Ryegate, population of approximately 236, is the seat of Golden Valley County. Since it stands along U.S. Highway 12 at its junction with Montana Highway 300, it is a small town that I visit almost every time I am in Montana and making a trek between Billings and Helena. I always prefer the two-lane U.S. and state roads because they give you a sense of immediacy in the landscape that driving interstates do not.
But like most travelers I roar down the highway, perhaps noting the tall grain elevators facing the town proper, and pay little attention to anything else. In a post of four years ago, I spoke of Golden Valley County and its historic landmarks, highlighting the grain elevators, the Golden Valley Courthouse, the Sims-Garfield historic ranch, and the historic town bar in Ryegate. But like the other eastern Montana county seats, Ryegate deserves a closer look.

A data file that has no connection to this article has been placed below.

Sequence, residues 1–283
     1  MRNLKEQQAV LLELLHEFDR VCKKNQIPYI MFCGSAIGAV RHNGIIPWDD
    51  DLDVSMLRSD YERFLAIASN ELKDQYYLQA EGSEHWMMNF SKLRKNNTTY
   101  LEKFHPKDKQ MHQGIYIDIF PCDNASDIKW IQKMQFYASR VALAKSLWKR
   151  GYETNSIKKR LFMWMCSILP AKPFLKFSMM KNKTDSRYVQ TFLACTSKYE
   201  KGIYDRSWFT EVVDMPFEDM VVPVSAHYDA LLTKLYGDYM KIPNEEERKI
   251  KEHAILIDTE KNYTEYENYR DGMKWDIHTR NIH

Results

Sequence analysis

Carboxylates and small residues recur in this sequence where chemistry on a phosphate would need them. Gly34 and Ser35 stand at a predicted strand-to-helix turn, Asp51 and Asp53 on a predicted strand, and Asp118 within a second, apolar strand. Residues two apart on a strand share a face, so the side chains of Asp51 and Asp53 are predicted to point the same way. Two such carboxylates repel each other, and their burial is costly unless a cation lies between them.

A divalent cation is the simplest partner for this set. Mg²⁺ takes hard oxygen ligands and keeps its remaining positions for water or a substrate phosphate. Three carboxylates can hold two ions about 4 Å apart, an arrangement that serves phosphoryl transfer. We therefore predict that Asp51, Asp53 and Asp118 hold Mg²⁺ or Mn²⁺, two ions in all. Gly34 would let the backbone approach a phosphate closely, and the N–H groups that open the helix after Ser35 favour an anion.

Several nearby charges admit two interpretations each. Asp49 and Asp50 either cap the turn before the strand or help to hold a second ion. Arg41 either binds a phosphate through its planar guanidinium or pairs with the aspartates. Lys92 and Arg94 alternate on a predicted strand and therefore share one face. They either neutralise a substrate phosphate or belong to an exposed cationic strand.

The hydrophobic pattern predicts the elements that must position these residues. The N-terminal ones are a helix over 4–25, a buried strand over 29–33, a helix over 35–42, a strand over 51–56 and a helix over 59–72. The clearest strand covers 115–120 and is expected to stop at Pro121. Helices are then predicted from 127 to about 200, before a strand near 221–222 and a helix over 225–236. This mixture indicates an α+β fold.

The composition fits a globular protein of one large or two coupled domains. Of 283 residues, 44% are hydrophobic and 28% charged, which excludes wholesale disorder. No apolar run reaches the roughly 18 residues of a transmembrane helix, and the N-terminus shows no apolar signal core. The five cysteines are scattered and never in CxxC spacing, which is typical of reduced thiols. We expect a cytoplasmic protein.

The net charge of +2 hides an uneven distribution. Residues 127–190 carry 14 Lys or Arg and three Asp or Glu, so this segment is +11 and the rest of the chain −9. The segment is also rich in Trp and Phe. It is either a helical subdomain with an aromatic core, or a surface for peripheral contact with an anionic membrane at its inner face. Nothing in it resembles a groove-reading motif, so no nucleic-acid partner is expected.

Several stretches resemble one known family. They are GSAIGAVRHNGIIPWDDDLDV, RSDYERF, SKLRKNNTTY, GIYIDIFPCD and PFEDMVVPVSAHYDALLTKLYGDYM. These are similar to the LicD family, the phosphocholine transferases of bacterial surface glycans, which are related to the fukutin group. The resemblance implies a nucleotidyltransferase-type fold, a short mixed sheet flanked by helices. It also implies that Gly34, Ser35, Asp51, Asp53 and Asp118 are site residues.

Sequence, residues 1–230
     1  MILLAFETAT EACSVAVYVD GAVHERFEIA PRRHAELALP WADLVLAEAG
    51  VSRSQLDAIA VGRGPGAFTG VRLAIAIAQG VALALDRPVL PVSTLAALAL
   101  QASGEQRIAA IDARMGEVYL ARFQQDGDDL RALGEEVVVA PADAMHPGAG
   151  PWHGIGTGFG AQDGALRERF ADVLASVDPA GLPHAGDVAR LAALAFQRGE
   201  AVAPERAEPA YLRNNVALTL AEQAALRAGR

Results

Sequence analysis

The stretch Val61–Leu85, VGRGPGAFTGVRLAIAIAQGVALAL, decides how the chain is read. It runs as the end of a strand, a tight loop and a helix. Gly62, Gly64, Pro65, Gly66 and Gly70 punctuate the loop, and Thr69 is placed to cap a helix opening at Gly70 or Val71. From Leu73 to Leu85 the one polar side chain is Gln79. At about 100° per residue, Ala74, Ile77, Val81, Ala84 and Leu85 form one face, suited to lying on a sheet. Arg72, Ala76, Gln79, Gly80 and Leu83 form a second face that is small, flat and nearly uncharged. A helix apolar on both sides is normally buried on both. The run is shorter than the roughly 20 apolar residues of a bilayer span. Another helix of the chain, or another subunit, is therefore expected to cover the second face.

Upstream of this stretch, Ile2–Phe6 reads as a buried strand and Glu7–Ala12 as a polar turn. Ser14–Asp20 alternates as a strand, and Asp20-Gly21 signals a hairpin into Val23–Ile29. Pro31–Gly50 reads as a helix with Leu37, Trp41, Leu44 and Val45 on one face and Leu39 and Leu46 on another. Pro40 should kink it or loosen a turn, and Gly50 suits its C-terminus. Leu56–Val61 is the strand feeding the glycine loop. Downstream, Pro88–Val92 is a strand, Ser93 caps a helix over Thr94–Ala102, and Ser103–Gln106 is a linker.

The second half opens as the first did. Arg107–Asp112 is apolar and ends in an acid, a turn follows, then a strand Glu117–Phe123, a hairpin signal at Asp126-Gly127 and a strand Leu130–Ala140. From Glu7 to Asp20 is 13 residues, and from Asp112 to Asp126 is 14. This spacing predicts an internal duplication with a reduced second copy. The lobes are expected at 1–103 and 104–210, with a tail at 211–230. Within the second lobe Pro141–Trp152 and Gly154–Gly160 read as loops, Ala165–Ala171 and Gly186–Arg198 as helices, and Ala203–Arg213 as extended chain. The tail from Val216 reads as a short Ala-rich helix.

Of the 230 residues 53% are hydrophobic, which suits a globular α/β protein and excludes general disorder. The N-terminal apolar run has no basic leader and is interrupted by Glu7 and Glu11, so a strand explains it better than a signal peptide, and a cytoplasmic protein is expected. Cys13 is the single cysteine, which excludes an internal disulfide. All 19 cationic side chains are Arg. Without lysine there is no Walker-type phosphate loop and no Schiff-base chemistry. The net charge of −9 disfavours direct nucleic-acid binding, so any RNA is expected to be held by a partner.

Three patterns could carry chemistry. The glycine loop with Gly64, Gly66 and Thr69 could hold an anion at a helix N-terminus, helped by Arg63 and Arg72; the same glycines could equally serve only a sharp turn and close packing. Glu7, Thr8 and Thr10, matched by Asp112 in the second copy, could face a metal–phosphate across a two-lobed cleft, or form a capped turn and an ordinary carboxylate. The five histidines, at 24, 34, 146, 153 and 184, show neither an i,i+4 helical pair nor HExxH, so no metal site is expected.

Although the depot and tracks are long gone, surviving railroad bed reminds us that Ryegate is a historic Milwaukee Road town, established c. 1910, and became a county seat in 1920 when Golden Valley County was established. As the seat, the town became the county’s center for public education. Ryegate School is still a K-12 school serving the entire county.
The intro photo to this post shows the athletic field; the school uses the historic gym below for sports and community events.
Ryegate received one of the standardized “modern” post office designs from the federal government in the 1970s–the town’s fortunes have remained basically frozen after the Milwaukee Road declared bankruptcy and shut down the tracks in 1980.
In my original posting I ignored a historic church building, below, St, Mathias Catholic Church, which was dedicated and opened in October 1914. From what I know it is the oldest institutional building in Ryegate. I want to research this compelling example of vernacular church architecture more!
Ryegate, like many of the towns along U.S. Highway 12, got the big whammy in the late 1970s of the interstate system being finished and the railroad going bankrupt. The amount of traffic passing through now is a fraction of what it used to be. The historic commercial building below once served different businesses and customers. It is mostly used for storage today.